Residents have plenty to do, from antique shopping to nearby backcountry camping and fishing. Many of the attractions are tourist-oriented but are still a fun way to spend an afternoon. Every day, the Pikes Peak Cog Railway takes riders from Manitou to the top of Pikes Peak, the mountain that inspired the song "America the Beautiful." The Manitou Cliff Dwellings boast tours of 700-year-old Anasazi Indians' cliff dwellings. The Cave of the Winds is the place for a fun, high altitude trek into some amazing underground caverns. Mystical Garden of the Gods, actually in Colorado Springs, is full of spectacular, towering red rock formations. The The Iron Springs Chateau Dinner Theatre offers melodramas throughout the year. Seven Falls, the Air Force Academy, the Colorado Wolf and Wildlife Center and more are all a short drive away. Christmas is particularly magical as the town takes on a storybook quality.
Manitou also has lots of little nooks and crannies with cute restaurants and odd shops, making strolling around town always a treat. Most shopping is of the touristy boutique variety, but there are grocery stores and large supermarkets on the road to Colorado Springs. Once in Colorado Springs, indoor malls, theaters, art centers, colleges, box stores, restaurants, museums and the like are plentiful.
Mountain Metro is the public bus system, and it has a shuttle from Manitou into Colorado Springs (with connections to Denver). The regular fare is $1.75, but adults age 60 and better ride for $.85. Members of the Senior Ambassador Program are on hand to help anyone age 50 or older learn the bus system. The nearest international airport, Denver International Airport, is 65 miles to the northeast.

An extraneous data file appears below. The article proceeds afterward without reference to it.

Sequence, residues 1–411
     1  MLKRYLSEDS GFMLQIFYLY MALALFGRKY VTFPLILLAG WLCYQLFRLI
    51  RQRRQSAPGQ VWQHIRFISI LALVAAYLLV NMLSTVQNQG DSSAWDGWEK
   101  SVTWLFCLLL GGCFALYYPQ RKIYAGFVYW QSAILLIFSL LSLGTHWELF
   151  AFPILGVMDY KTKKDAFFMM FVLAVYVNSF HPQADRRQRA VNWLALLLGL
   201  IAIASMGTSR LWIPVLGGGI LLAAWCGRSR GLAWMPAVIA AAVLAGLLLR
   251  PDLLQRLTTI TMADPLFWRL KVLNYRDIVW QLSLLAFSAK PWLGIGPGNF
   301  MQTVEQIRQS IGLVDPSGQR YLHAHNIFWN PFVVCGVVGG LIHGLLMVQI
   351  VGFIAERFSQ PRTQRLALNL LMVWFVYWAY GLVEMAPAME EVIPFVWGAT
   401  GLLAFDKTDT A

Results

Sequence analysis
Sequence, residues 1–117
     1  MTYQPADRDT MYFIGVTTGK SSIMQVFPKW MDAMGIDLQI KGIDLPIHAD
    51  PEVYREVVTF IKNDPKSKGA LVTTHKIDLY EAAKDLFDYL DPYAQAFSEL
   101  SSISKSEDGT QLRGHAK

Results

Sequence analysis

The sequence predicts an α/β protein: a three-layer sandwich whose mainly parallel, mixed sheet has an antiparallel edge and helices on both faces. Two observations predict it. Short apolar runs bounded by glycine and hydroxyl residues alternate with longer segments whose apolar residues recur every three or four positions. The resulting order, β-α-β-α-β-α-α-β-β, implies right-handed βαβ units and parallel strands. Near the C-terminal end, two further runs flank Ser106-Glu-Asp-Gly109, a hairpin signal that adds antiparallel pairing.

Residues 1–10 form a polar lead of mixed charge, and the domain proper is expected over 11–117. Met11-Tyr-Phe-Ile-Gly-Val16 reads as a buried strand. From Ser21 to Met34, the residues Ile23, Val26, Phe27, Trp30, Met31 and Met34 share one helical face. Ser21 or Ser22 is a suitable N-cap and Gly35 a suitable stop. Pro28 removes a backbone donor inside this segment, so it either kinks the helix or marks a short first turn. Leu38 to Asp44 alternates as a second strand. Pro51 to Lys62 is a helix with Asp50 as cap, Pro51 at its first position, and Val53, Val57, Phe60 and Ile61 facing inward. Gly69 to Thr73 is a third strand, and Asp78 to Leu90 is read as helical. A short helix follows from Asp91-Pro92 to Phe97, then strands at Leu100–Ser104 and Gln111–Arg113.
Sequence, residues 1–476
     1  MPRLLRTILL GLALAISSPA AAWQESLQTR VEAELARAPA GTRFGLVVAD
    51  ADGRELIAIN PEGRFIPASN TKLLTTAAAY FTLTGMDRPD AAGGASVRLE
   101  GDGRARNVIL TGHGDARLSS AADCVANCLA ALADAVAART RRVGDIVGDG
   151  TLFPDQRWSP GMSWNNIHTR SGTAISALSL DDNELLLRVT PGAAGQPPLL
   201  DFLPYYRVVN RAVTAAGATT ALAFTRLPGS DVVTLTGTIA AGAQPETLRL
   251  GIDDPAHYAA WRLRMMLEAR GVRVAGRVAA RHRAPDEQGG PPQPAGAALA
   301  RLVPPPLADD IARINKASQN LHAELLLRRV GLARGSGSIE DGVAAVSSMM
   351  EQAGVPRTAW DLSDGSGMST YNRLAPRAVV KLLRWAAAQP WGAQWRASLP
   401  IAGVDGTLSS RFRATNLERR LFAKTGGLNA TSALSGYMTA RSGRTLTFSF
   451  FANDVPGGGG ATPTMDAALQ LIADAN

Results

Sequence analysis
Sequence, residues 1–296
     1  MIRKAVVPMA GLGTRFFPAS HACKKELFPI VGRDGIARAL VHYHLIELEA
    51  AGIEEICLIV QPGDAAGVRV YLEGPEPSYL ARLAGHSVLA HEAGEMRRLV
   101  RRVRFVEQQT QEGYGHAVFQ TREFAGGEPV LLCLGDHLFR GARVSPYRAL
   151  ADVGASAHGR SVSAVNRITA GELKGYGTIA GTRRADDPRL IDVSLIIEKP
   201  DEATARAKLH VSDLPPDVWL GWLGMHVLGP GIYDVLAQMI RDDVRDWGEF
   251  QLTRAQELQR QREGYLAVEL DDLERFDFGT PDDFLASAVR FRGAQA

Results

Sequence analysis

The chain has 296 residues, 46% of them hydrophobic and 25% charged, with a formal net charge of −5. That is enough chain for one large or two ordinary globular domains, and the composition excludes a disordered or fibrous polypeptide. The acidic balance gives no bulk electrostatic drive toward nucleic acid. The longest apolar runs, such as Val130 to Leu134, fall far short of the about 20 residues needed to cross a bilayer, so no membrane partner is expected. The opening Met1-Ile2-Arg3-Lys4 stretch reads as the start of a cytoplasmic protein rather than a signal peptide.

Manitou does not have its own hospital, but Colorado Springs has two, University of Colorado Memorial Hospital and Centura Health Penrose St. Francis Hospital (which has two campuses). Memorial is a Level II Trauma Center and has won national recognition for its cardiac care. Penrose is also a Level II Trauma Center, and it has been named a Distinguished Hospital for clinical excellence. Both hospitals accept Medicare and Medicaid patients, and both are accredited by the Joint Commission. Denver has an extensive array of medical facilities if needed. For military retirees, Colorado Springs has a VA clinic, but the nearest VA hospital is in Denver.
The award-winning Colorado Springs Senior Center, which welcomes Manitou residents, provides programs and services to people age 55 and better and features an art gallery, a ceramics room, a computer lab, an exercise room and more. Activities include day trips, a variety of classes, health clinics and noon meals. Meals on Wheels is active as well.
This part of the country has a four season climate. Winters bring a mixture of beautiful, sunny days with sparkling blue skies and occasional cloudy, snowy days. Most snow melts within a day or two, although heavy snows do occur and changes in weather can happen quickly. Winter temperatures are in the 20s, 30s and 40s, and summer temperatures are in the 60s, 70s, 80s and 90s. Humidity is low. The area occasionally experiences a drought, triggering water restrictions. The sun shines 250 days of the year. The air quality and water quality are both well above the national averages.
Despite its charm, Manitou Springs has a few drawbacks. Tourists descend in the summer, clogging the main road and filling up restaurants and shops. The terrain is steep. It is worth noting, too, that in 2012 the Waldo Canyon Wildfire left a burn scar north of Manitou. In 2013, flash floods rolled through downtown because the burn left no trees or underbrush to keep rain water in check. A new flood control channel was subsequently built in Williams Canyon above town so that floods do not happen again.
When all is said and done, Manitou is hard to resist. It is a great retirement spot!